This revolution is certain to acquire global dimensions, because India is in the top ten in arms spending - in 2007-2012 it will buy $30 billion worth of weapons.
The revolution is rooted in India's reluctance to depend on foreign weapons. It wants not only to be militarily sufficient but to become a world center for the production and exports of arms spare parts.
Indian private companies, which have not been prominent in the defense industry, will play a key role in pursuing this goal. Only recently, they did not get any government defense orders, but now they will be encouraged to make friends with foreign partners in order to carry them out.
The new line is reflected in DEFEXPO's official goal - to become a site where foreign producers can make contacts with Indian industrialists with a view to setting up joint ventures.
Indian private companies have become much stronger in the last 17 years since the Indian market was opened to foreigners. They are irritated that a lion's share of government orders is awarded to foreigners and state-run companies.
The Indian defense industry does not always fulfil its goals, and the government has promised to give a bigger share of multi-billion defense orders to domestic private companies. Their advent to the strategic defense industry, which accounts for about 2.5% of GDP, should resolve two tasks - encourage competition with state-owned companies and increase its adoption capacity - new orders of foreign weapons will bring in huge investment.
The Indian government's requirement is that foreign companies invest at least 30% of the contract's value in the local defense industry. This applies to all deals worth more than 3 billion rupees (about $770 million). This figure has been raised to 50% on the eve of a mega tender for the supply of the Indian Air Force with 126 fighters to the tune of more than $10 billion.
One third of $30 billion is $10 billion. This is the amount of investment that India will have to assimilate in the next few years. Indian Defense Ministry officials admit that state-owned companies will not be able to swallow that much.
For the time being, private companies are kept at a certain distance - they have no chance of receiving a defense order if the share of foreign capital exceeds 26%. Moreover, unlike state-owned companies, they have to pay 30% import duties for foreign spare parts.
But this situation may soon change. First, analysts expect an increase in the 26% limit on foreign capital. In other words, investors, or arms suppliers, will set up in India a joint venture that will carry out the orders they have received - but on the spot rather than abroad.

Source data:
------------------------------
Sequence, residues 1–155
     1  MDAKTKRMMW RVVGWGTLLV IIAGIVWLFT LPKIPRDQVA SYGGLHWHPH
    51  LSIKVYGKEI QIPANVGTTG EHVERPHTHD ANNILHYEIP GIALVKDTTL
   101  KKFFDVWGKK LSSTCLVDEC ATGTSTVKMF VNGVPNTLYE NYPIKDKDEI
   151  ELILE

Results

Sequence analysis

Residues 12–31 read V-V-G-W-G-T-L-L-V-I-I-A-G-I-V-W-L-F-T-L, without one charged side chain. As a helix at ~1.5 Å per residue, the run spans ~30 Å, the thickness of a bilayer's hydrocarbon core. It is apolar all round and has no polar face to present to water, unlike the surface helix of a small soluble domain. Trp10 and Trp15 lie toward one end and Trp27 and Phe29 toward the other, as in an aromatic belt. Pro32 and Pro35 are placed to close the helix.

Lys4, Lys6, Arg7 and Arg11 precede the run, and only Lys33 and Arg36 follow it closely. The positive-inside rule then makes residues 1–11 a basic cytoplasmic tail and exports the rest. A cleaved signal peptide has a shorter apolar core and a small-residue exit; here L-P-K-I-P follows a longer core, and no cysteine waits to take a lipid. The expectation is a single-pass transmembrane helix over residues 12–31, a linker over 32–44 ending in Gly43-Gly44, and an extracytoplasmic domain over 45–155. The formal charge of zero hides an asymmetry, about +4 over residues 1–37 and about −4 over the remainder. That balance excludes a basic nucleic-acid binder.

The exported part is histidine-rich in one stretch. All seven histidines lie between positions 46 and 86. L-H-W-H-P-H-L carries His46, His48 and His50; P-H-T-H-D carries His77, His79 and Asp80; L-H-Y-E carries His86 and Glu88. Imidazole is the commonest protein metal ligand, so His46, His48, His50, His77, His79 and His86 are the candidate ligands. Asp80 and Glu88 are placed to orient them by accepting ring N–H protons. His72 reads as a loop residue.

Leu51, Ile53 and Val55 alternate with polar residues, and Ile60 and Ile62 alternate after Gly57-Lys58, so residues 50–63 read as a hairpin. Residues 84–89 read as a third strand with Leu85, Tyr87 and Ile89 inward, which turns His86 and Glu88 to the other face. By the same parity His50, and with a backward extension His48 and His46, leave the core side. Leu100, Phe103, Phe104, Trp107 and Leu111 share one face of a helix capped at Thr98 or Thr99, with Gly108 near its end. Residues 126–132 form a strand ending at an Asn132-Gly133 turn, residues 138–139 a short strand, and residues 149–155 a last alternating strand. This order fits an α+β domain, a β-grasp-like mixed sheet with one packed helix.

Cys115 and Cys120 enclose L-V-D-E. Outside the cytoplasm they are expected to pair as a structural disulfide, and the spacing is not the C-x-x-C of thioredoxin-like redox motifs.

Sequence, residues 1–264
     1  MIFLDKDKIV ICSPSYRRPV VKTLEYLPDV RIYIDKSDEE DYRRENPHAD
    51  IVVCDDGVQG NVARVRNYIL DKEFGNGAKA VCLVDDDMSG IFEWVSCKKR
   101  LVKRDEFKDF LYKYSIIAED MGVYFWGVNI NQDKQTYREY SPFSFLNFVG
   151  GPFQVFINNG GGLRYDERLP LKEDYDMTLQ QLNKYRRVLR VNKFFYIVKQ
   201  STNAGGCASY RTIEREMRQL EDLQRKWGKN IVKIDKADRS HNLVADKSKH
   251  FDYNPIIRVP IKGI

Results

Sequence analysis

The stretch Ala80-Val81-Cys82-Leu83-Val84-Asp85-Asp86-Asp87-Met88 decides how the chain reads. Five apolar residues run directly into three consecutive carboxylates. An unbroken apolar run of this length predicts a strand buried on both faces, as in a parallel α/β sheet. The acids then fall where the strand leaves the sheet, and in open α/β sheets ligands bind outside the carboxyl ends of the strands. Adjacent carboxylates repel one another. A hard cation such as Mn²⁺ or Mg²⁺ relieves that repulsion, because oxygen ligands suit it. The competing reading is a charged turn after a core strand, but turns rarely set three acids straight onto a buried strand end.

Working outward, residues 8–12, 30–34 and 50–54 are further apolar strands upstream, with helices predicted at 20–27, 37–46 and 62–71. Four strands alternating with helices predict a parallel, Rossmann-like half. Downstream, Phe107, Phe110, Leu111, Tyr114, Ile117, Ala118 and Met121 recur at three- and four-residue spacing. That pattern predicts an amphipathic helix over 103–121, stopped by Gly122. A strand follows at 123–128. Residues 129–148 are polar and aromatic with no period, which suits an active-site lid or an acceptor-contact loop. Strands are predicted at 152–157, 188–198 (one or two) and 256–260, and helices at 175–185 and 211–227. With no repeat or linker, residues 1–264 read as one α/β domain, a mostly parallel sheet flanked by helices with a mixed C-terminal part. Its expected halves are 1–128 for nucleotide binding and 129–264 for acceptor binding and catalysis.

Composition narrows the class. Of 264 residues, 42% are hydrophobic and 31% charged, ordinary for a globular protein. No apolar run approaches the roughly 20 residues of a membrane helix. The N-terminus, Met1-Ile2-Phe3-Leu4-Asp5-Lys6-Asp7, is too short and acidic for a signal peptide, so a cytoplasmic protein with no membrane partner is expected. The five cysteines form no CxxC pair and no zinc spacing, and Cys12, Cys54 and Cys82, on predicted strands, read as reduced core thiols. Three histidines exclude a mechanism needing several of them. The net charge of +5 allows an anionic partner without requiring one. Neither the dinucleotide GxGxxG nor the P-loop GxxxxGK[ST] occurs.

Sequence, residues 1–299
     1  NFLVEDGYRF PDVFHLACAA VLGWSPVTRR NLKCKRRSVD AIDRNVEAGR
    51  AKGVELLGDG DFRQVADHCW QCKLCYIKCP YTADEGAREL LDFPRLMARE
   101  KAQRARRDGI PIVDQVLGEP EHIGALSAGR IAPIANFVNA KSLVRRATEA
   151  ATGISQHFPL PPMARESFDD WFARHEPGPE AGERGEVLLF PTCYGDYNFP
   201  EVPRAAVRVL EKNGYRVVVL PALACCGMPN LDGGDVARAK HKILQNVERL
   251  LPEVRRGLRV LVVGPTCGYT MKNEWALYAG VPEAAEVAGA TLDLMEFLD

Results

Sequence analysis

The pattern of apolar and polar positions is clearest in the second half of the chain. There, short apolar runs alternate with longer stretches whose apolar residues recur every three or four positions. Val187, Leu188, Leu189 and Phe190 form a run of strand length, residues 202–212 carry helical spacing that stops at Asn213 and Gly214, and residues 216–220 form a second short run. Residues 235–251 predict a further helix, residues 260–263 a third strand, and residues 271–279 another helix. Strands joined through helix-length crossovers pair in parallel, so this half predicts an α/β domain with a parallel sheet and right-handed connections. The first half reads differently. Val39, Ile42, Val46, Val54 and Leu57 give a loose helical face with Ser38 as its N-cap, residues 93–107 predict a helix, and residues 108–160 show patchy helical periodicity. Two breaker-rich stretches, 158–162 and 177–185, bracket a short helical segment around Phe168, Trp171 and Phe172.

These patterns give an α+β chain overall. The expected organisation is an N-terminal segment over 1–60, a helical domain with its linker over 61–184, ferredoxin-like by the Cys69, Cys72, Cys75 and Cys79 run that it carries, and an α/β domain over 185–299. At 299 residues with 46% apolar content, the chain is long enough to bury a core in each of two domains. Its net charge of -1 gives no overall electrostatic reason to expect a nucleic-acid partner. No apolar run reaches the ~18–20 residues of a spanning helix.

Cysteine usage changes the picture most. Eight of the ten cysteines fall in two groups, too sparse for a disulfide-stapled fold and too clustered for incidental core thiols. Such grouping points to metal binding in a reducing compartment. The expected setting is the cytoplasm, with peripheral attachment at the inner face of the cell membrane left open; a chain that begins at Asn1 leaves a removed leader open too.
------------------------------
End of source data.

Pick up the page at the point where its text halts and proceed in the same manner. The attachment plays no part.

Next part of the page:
Second, the government is about to complete a list of private firms that will get equal rights with state companies. It is rumored that the list will include such industrial giants as Larsen & Toubro, and companies belonging to Godrej, Tata, and Mahindra & Mahindra.
However, Secretary for Defense Production Shri Pradeep Kumar admitted last week that approval of this list was being delayed because of resistance on behalf of some state companies.
But the government has already promised help to foreign firms that are rushing around with bags of money in search of local partners. There is no doubt that they will implement the new requirements and receive licenses.
Some private companies have been working for the defense industry. Larsen & Tourbo, for example, is building a secret nuclear-powered submarine for India, and is prepared to assemble aircraft under license, that is to do what the state-owned Hindustan Aeronautics Limited (HAL) is now doing.
Larsen & Toubro and Strategic Electronics Division from the Tata Power Corporation are carrying out a Defense Ministry order for the production multiple launch rocket systems. The tractor building company Mahindra & Mahindra has built an armored cross-country vehicle in just two years.
The Defense Research & Development Organization (DRDO) is going to acquire a new role of a scientific center. It will also be the main distributor of orders to private companies.
To sum up, the companies that want to sell arms to India should take its new requirements into account. The forthcoming revolutionary changes will call for a new approach and more flexibility. Indian partners in the arms market need to learn how to come to terms with the local players, develop production lines, find the best ways of implementing offset commitments, and respect the higher ambitions of their Indian partners.
Russia, which has an impressive display at the shows, enjoys obvious advantages in this respect because India has been testing its new policy primarily in cooperation with Moscow. But this alone does not guarantee Russia's victories at all tenders for defense orders.
The opinions expressed in this article are the author's and do not necessarily represent those of RIA Novosti.